The real behavior of the subjects in the process is determined by the combination of the observed process and the process being interpreted, as well as by the actors' stimuli, errors and personal preferences. Subjectivity causes uncertainty in the system of feedback chains that can be influenced by reducing deviations between the desired, official, interpreted real and observed processes [Bandinelli et al., 1995].

The concept of process and system thinking have had a strong impact on modeling practices and methods. Different formal languages and notations have been developed to describe the system, see for example [OMG, 2011]. They have evolved from the interaction between system thinking and software technology. In the 20th century, process thinking and process modeling became a tangible part of the company's strategic planning tool and the importance of modeling was emphasized. However, one can ask, whether the methods of modeling the system and in particular the practices have developed in the same way that system thinking and process philosophy have progressed? Especially when looking at pragmatic guides and literature on the process re-engineering and improvement, it seems that the approach of reductionism is very prevalent. One of the reasons might be that reductive thinking provides strong visual illustrative technology for Western thinking, and that systemic thinking based on the ideas of holism and emergence does not provide a sufficiently clear philosophy [Checkland, 1999, 97]. This raises the question of whether other disciplines offer theories that could be utilized in SE. Some examples can be shown. For example, the qualitative action research contains similar elements (interviews and data analysis, for example), which are followed in process assessment. Robert Flood notes that soft system theory has provided the intellectual basis for many of the methods used in the action research [Flood, 2010]. Another similar example is explaining the change and evolution of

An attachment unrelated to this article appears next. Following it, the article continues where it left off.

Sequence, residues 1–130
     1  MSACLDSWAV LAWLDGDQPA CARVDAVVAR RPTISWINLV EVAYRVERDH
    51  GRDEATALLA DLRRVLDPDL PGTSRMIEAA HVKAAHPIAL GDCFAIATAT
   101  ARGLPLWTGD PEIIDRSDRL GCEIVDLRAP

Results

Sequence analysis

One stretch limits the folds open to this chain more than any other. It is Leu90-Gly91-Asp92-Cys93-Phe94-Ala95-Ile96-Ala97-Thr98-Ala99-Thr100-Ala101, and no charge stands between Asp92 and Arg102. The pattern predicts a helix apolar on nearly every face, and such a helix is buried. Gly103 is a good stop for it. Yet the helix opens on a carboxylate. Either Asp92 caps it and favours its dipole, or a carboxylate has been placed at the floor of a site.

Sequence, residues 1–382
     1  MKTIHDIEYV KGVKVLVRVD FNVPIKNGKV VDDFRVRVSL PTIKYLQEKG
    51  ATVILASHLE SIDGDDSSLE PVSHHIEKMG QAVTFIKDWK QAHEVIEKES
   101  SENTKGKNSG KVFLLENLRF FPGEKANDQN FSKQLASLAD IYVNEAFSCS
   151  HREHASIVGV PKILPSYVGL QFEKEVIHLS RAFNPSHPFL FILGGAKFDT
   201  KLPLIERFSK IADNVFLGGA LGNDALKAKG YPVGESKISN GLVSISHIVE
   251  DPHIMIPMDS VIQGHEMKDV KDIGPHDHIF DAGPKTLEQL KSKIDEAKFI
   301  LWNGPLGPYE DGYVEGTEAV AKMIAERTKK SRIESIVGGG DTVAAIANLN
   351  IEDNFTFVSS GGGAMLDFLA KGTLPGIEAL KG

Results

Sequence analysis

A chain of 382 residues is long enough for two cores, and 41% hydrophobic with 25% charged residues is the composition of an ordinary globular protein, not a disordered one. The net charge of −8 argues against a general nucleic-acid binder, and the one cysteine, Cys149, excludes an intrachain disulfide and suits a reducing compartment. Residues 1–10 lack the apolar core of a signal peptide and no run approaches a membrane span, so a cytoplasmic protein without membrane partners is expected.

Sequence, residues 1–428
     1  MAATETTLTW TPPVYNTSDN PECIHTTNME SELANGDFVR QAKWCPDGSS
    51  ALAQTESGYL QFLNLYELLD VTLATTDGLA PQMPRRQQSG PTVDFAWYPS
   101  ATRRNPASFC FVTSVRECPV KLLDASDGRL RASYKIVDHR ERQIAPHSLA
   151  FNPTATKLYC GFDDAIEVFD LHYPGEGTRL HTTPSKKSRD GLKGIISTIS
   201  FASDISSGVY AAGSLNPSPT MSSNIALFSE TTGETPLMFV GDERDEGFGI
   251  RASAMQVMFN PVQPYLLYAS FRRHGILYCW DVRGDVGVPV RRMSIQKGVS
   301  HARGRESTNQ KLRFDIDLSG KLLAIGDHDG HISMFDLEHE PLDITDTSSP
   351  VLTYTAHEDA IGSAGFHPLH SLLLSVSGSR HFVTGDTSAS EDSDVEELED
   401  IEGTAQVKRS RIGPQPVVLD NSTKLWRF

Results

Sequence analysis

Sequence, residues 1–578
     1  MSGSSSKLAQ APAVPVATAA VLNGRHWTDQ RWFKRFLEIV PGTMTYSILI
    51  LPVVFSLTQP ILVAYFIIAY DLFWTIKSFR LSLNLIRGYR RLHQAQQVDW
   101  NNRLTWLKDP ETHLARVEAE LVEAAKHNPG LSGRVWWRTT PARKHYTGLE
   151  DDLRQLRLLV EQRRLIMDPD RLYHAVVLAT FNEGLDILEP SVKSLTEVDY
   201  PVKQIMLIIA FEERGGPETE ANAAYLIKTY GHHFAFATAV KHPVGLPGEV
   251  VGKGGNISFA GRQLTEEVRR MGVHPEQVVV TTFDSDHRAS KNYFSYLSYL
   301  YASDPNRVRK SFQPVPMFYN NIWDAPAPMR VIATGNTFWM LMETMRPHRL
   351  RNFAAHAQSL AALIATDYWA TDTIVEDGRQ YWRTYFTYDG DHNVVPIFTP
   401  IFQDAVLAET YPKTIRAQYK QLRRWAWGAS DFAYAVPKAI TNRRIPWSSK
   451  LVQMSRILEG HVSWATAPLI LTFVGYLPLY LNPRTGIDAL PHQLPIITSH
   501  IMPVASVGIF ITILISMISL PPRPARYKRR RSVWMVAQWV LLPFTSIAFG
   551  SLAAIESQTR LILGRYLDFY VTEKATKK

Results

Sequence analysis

(7)

a research subject through process theory. The qualitative process research, which collects data by concentrating on the events of the subject and their temporal order, has emerged in many fields as a valuable research method [Van de Ven and Poole, 1995] [Van de Ven, 2007]. As a third example, we mention the evolution of the systems engineering as an interdisciplinary field of engineering science. It uses the system thinking principles to study development and management of complex systems over their life cycle. The historical background of the system engineering is partly in the soft system methodology and it has a strong process-based connection to SE [Pyster and Olwell, 2013] [Honour, 2018].

5. CONCLUSION

Process modelling is an important part of the process improvement. In this article, we wanted to emphasize the importance of system thinking and process thinking in utilizing processes. There is a risk that practical improvement will not be able to take advantage of a holistic perspective.

The modeling approach is easily reductive, providing a simplified mechanistic view of the organization's processes. There is a risk to see and utilize the process description of an organization as a nearly closed system. The model can be very detailed, but it does not necessarily take into account all aspects of the activity and changing connections to the surrounding reality. The modeling method and modeler's own theoretical process concept puts the constraints on the modeling situation. Modeling involves essentially the ability of the modeler to abstract, i.e., the ability to look at the modeling object from a chosen point of view, and thereby distinguish and conceptualize the properties considered relevant to the purpose of the modeling. We suggest three interrelated process abstraction levels: the ideal conceptual level, the subjective conceptual level and the level of physical real time events. Modeling is an epistemological process that describes the aspects considered relevant to objects in the target area. In addition to abstraction, modeling requires the categorization, generalization and axiomatization of objects, as well as the choice of presentation format of the model.

REFERENCES